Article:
The Mourner's Kaddish

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Prayer- Mourner’s Kaddish

About the Mourner’s Kaddish

The Kaddish is a prayer praising God and expressing a yearning for the establishment of God’s kingdom on earth. It is recited at funerals and by mourners. Sons are required to say Kaddish for eleven months after the death of a parent.

The word Kaddish means sanctification, and the prayer is a sanctification of God’s name. Kaddish is only said with a minyan (prayer quorum of ten men), following a psalm or prayer that has been said in the presence of a minyan, since the essence of the Kaddish is public sanctification.

The one who says Kaddish always stands. Whether other worshippers sit or stand depends on the congregation. It is customary for all the mourners in the congregation to recite Kaddish in unison. A child under the age of thirteen may say the Mourner’s Kaddish if he has lost one of his parents. Most religious authorities allow a daughter to say Kaddish, although she is under no religious obligation to do so.

The Mourner’s Kaddish is recited for eleven months from the day of the death and also on the yahrzeit (anniversary of a death). A person may say Kaddish not only for parents, but also for a child, brother, or in-law. An adopted son should say it for adoptive parents who raised him.


The first mention of mourners saying Kaddish at the end of the service is in a thirteenth century writing called the Or Zarua. The Kaddish at the end of the service became designated as Kaddish Yatom or Mourner’s Kaddish (literally, “Orphan’s Kaddish”).

The opening words, yitgadal t’yitkadash, were inspired by Ezekiel 38:23 when the prophet envisions a time when God will become great in the eyes of all the nations. The response of the listeners to the first lines of the mourners is a public declaration of the belief that God is great and holy: Yehei Shmei rabba mevorakh l’olam ul’almei almaya (May His great Name be blessed forever and ever). This response is central to the Kaddish and should be said out loud.

Although Kaddish contains no reference to death, it has become the prayer for mourners to say. One explanation is that it is an expression of acceptance of Divine judgment and righteousness at a time when a person may easily become bitter and reject God. Another explanation is that by sanctifying God’s name in public, the mourners increase the merit of the deceased person. Kaddish is a way in which children can continue to show respect and concern for their parents even after they have died.


Customs for reciting the Mourners’ Kaddish vary markedly among various communities. In Sephardi synagogues, the custom is that all the mourners stand and chant the Kaddish together. In Ashkenazi synagogues, the earlier custom was that one mourner be chosen to lead the prayer on behalf of the rest, though most congregations have now adopted the Sephardi custom. In many Reform synagogues, the entire congregation recites the Mourners’ Kaddish together. This is sometimes said to be for those victims of the Holocaust who have no one left to recite the Mourner’s Kaddish on their behalf.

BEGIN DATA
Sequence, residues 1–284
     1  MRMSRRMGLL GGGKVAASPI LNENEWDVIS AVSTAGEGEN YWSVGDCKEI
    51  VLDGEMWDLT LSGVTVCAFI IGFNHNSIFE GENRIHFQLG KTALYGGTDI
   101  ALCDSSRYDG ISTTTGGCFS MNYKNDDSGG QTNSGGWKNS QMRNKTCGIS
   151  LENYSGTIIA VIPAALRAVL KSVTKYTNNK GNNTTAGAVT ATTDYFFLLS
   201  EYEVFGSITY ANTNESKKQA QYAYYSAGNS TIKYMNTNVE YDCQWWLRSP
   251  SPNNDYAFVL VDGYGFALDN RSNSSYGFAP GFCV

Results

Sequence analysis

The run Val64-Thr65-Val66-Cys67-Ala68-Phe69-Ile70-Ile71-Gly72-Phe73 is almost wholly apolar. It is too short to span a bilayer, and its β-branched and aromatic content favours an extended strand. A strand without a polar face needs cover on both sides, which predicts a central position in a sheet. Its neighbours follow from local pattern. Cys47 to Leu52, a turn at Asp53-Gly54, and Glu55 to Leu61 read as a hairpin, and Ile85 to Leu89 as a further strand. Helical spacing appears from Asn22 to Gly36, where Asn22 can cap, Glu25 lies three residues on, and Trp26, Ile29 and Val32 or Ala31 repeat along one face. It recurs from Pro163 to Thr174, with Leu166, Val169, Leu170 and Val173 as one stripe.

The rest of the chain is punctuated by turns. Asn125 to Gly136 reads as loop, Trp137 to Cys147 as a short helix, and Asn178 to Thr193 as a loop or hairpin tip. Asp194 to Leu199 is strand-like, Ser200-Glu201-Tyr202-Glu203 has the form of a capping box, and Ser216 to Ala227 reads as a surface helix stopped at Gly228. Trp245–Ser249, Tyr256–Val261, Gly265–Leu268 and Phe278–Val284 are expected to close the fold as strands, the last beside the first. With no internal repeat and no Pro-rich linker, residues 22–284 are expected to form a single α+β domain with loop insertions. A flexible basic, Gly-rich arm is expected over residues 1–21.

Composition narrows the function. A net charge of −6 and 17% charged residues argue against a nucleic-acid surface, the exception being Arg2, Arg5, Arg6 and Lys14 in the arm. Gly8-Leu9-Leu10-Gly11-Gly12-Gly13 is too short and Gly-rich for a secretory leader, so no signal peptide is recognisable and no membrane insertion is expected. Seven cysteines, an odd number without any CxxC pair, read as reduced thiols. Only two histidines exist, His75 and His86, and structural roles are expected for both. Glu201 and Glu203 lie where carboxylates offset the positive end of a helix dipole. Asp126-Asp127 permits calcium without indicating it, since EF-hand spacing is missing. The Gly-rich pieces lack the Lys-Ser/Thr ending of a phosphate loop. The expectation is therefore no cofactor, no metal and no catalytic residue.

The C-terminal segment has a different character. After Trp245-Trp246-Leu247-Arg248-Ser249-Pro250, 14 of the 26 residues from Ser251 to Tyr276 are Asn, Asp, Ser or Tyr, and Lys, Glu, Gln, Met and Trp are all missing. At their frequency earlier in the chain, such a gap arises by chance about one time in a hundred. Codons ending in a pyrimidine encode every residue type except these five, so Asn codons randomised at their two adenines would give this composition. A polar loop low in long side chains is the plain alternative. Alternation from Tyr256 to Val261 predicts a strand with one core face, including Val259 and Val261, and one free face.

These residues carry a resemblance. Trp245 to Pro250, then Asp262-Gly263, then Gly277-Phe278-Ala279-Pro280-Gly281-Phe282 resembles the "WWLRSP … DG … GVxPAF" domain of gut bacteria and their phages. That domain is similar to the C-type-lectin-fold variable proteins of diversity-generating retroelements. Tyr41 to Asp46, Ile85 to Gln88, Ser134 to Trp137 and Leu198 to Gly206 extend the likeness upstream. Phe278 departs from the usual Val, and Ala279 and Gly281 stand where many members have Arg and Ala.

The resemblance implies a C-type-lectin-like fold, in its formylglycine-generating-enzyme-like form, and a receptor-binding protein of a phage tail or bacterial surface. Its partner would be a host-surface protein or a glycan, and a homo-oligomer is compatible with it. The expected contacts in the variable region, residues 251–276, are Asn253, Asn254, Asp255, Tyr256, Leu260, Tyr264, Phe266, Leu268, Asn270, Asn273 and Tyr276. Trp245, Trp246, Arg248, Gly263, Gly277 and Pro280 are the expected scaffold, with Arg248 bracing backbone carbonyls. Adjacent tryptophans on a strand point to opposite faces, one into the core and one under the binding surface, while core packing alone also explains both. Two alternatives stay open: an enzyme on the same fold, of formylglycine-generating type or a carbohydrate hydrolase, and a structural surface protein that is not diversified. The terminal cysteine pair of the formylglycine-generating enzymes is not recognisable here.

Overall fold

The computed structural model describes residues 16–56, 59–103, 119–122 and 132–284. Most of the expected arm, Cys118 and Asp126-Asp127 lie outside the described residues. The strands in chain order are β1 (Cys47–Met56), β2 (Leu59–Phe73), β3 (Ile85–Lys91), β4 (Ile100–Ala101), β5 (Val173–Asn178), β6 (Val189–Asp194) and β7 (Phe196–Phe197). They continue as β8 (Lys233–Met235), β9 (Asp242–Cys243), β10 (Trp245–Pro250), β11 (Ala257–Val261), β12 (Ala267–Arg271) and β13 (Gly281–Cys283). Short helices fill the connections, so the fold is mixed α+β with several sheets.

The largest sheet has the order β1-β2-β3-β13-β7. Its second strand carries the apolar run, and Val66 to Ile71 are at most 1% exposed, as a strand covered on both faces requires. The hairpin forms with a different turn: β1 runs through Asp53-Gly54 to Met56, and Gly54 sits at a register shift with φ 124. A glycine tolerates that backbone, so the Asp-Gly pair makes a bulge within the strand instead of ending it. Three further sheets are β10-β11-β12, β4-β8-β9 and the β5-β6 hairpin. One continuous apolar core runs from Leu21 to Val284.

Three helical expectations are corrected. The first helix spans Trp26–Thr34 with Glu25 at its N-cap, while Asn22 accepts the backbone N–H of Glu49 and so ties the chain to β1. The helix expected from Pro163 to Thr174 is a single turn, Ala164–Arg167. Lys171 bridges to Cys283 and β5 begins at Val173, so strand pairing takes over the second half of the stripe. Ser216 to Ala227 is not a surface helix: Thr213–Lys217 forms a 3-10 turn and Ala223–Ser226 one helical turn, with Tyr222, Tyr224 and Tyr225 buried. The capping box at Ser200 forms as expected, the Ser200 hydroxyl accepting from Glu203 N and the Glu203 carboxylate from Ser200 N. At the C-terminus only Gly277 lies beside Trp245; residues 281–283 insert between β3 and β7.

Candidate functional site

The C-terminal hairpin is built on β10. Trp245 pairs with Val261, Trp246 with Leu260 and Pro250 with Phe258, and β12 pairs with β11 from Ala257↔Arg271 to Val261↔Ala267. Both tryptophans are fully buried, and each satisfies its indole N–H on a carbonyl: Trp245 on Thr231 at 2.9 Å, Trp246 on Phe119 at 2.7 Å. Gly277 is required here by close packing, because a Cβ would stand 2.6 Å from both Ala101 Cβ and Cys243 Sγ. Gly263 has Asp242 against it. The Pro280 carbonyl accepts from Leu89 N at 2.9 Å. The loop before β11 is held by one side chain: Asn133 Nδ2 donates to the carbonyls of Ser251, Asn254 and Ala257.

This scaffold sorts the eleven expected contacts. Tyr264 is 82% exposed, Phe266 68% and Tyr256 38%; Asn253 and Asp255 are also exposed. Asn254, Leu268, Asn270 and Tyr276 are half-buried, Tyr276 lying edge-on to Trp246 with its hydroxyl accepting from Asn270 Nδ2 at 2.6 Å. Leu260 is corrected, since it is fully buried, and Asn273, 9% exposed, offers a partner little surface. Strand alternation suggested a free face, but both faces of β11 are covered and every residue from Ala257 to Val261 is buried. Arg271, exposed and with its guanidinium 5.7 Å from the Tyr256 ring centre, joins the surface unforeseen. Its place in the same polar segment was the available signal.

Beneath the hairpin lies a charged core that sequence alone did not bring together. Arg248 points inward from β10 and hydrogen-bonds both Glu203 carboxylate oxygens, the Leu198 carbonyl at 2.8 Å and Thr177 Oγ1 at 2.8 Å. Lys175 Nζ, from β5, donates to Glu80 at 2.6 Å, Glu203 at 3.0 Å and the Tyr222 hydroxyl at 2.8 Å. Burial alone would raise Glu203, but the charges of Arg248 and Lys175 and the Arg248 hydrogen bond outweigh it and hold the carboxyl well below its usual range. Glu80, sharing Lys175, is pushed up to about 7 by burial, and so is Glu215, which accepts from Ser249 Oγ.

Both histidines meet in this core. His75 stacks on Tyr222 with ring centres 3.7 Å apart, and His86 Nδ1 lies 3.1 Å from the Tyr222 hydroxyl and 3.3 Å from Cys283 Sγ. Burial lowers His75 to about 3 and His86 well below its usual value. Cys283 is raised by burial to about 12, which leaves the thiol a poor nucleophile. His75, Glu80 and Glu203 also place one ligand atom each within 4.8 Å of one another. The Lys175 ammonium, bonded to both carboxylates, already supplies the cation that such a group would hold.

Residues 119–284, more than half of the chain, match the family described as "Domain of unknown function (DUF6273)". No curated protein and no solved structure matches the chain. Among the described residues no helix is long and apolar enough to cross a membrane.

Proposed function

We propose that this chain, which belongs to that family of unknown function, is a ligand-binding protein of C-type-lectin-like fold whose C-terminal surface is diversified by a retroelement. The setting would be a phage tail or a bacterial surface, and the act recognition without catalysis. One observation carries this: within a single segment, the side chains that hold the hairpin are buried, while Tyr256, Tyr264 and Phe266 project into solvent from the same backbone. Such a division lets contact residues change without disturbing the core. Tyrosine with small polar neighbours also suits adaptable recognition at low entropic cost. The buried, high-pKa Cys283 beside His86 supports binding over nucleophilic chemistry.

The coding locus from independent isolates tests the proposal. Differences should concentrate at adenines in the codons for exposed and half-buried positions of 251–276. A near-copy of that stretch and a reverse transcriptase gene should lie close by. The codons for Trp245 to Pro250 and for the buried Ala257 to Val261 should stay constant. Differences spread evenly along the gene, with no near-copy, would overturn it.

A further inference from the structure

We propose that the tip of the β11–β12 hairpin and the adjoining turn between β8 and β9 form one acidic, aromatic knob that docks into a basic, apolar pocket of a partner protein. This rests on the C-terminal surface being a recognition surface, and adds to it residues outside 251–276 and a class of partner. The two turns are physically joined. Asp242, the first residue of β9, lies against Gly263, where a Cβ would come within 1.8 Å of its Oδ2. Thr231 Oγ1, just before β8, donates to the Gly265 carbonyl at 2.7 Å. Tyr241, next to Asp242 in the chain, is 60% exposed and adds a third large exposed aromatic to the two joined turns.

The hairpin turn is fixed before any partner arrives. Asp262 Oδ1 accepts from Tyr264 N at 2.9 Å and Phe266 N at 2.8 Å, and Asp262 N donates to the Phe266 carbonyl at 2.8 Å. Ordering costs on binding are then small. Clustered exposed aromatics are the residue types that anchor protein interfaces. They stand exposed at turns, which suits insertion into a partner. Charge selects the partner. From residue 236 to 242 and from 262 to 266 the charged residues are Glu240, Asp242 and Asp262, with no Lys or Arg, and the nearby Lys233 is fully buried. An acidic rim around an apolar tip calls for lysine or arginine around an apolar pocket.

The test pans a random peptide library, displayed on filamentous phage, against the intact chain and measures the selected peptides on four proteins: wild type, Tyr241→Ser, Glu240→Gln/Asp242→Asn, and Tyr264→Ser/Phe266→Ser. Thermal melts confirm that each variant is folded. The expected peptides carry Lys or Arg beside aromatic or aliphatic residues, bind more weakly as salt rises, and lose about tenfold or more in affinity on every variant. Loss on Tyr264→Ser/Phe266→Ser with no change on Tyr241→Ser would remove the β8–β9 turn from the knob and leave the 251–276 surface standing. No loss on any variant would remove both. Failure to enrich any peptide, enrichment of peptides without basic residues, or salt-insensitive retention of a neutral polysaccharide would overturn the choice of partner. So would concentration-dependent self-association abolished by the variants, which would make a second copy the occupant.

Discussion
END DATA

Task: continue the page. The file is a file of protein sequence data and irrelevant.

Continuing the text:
In some congregations (especially Reform and Conservative ones), the Rabbi will read a list of those who have a Yahrzeit on that day (or who have died within the past month), and then ask the congregation to name any people they are mourning for. Some synagogues try to multiply the number of times that the Mourners’ Kaddish is recited. Other synagogues limit themselves to one Mourners’ Kaddish at the end of the service.

It is important to remember that the Mourners’ Kaddish does not mention death at all, but instead praises God.

The ransomed of the LORD will return. They will enter Zion with singing; everlasting joy will crown their heads. Gladness and joy will overtake them, and sorrow and sighing will flee away. “I, even I, am he who comforts you.” -- Isaiah 51:11-12

Mourner’s Kaddish

Yit’gadal v’yit’kadash sh’mei raba (Cong: Amein)

b’al’ma di v’ra khir’utei v’yam’likh mal’khutei b’chayeikhon uv’yomeikhon uv’chayei d’khol beit yis’ra’eil ba’agala uviz’man kariv v’im’ru: Amein.

May His great Name grow exalted and sanctified (Cong: Amen.) in the world that He created as He willed. May He give reign to His kingship in your lifetimes and in your days, and in the lifetimes of the entire Family of Israel, swiftly and soon. Now say: Amen.

Y’hei sh’mei raba m’varakh l’alam ul’al’mei al’maya Yit’barakh v’yish’tabach v’yit’pa’ar v’yit’romam v’yit’nasei v’yit’hadar v’yit’aleh v’yit’halal sh’mei d’kud’sha B’rikh hu. l’eila min kol bir’khata v’shirata toosh’b’chatah v’nechematah, da’ameeran b’al’mah, v’eemru: Amein.

May His great Name be blessed forever and ever. Blessed, praised, glorified, exalted, extolled, mighty, upraised, and lauded be the Name of the Holy One Blessed is He. Beyond any blessing and song, praise and consolation that are uttered in the world. Now say: Amen.

Y’hei sh’lama raba min sh’maya v’chayim aleinu v’al kol yis’ra’eil v’im’ru: Amein.

May there be abundant peace from Heaven and life upon us and upon all Israel. Now say: Amen.

Oseh shalom bim’romav hu ya’aseh shalom aleinu v’al kol Yis’ra’eil v’im’ru: Amein.

He Who makes peace in His heights, may He make peace, upon us and upon all Israel. Now say: Amen.